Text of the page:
WKLY: Want Weekly Dividends? Check Out This ETF from SoFi
Stock Analysis & Ideas

WKLY: Want Weekly Dividends? Check Out This ETF from SoFi

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The WKLY ETF from SoFi pays its investors a dividend every week, which is an appealing concept. However, investors should also consider factors like dividend yield, total returns, and fees when making an investment decision.

There are now quite a few dividend ETFs that pay dividends on a monthly basis, giving investors who are looking for frequent dividend payouts plenty of options to choose from. However, SoFi (NASDAQ:SOFI) has taken this idea one step further with its SoFi Weekly Dividend ETF (NYSEARCA:WKLY), which pays its investors dividends on a weekly basis. 

It is a novel idea, and receiving a payment every week certainly has its appeal, but is it truly worth it when all factors are considered? Let’s find out.

What is WKLY ETF’s Strategy?

WKLY is a small, $10.7 million ETF from fintech pioneer Sofi. The fund’s underlying index is the SoFi Sustainable Dividend Index. It is “the first equity ETF that intends to pay out income distributions on a weekly basis,” according to SoFi.

It focuses on dividend sustainability, investing in stocks that have a track record of consistently paying dividends over the past five years and are expected to pay them over the coming year. It also runs additional screens to remove stocks that are at risk of reducing their dividend payouts.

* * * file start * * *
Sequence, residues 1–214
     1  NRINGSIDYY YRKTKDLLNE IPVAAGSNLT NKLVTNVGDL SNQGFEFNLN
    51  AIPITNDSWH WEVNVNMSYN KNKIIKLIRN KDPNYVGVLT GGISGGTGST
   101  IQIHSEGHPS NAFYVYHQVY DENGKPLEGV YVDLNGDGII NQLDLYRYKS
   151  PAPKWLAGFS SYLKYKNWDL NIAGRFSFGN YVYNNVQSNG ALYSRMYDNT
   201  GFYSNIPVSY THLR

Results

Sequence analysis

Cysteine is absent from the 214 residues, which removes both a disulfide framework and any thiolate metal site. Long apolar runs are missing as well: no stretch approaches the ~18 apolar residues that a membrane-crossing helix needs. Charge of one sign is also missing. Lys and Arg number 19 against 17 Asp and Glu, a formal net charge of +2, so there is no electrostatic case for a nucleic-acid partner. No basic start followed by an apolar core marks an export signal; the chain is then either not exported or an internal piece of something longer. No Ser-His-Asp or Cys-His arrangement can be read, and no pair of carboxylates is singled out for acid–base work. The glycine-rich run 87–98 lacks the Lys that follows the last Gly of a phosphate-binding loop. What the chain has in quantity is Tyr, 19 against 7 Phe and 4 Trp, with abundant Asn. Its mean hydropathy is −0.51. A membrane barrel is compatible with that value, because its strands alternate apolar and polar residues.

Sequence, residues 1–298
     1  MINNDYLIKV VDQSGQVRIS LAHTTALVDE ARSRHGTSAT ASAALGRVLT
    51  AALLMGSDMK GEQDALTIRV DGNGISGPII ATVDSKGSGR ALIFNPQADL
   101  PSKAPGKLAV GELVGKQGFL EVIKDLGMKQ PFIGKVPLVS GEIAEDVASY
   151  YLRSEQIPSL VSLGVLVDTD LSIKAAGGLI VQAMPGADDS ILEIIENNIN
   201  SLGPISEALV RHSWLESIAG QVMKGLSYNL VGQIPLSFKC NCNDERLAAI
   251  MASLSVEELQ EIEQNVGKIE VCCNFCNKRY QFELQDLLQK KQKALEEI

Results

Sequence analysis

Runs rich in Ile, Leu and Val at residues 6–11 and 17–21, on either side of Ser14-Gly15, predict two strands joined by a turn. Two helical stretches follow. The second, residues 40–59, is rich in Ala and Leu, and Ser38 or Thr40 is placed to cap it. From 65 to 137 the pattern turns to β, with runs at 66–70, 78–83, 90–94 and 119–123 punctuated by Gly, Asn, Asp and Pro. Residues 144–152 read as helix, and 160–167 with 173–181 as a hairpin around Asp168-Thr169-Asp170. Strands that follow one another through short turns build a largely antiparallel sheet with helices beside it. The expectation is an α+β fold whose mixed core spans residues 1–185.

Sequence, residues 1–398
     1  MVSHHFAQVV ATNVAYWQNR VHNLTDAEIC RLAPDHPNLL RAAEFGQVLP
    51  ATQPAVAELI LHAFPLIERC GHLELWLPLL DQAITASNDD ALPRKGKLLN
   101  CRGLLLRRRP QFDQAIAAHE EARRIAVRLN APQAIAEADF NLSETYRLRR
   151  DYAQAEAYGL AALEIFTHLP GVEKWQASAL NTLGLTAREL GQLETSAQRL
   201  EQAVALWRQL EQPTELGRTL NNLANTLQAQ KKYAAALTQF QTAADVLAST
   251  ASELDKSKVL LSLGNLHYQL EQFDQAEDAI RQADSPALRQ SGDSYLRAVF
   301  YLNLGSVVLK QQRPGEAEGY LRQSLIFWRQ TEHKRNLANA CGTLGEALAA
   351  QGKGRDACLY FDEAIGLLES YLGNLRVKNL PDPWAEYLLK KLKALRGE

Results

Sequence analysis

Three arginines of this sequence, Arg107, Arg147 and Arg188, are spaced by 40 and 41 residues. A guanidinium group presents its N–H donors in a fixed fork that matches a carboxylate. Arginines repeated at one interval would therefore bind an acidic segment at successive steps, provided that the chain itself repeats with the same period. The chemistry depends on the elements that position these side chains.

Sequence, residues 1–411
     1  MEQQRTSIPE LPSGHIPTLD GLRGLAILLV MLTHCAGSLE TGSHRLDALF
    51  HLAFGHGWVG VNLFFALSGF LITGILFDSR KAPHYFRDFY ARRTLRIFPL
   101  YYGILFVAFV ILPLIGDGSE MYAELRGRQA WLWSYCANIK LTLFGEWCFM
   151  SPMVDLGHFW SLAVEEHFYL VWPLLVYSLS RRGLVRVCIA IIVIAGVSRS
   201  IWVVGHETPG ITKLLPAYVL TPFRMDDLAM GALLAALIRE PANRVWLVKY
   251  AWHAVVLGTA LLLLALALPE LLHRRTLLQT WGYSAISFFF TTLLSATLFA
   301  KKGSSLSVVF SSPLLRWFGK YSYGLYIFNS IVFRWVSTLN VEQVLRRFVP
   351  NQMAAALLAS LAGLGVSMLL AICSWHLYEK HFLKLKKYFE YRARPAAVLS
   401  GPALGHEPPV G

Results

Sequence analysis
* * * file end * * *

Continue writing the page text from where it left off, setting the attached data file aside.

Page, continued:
Diversified Holdings

WKLY is exceptionally diversified, with a well-rounded group of 336 positions, and its top 10 holdings account for just 26.7% of assets. Take a look at WKLY’s top 10 holdings below.

WKLY also offers investors geographic diversification, as blue-chip U.S. dividend stocks like JPMorgan Chase (NYSE:JPM), Johnson & Johnson (NYSE:JNJ), and Procter & Gamble (NYSE:PG) are joined by international dividend payers like Roche Holding (OTC:RHHBY) and Nestle (OTC:NSRGY). 

Is WKLY Stock a Buy, According to Analysts? 

Turning to Wall Street, WKLY has a Moderate Buy consensus rating, as 52.9% of analyst ratings are Buys, 40.1% are Holds, and 7.0% are Sells. At $53.18, the average WKLY stock price target implies 10.7% upside potential.

The Weekly Dividend

WKLY’s dividend yield of about 3.0% certainly isn’t bad. It’s just about double the current dividend yield of the S&P 500 (SPX). 

However, for investors looking for a higher yield and a frequent payout schedule, albeit a monthly one, there are plenty of options with significantly higher yields — for example, the JPMorgan Equity Premium Income ETF (NYSEARCA:JEPI) currently yields 10%, while the NEOS S&P 500 High Income ETF (BATS:SPYI) yields 10.7%

Sure, getting a payout weekly is perhaps more appealing than getting a monthly payout, but an investor holding JEPI or SPYI also receives more than three times the yield of a WKLY investor. At that point, it’s worth considering just waiting a few extra weeks for the larger payout from JEPI or SPYI or dividing this payment into four and accessing one-quarter of it each week, as this would be more or less the same as a weekly payout.

WKLY’s Performance Track Record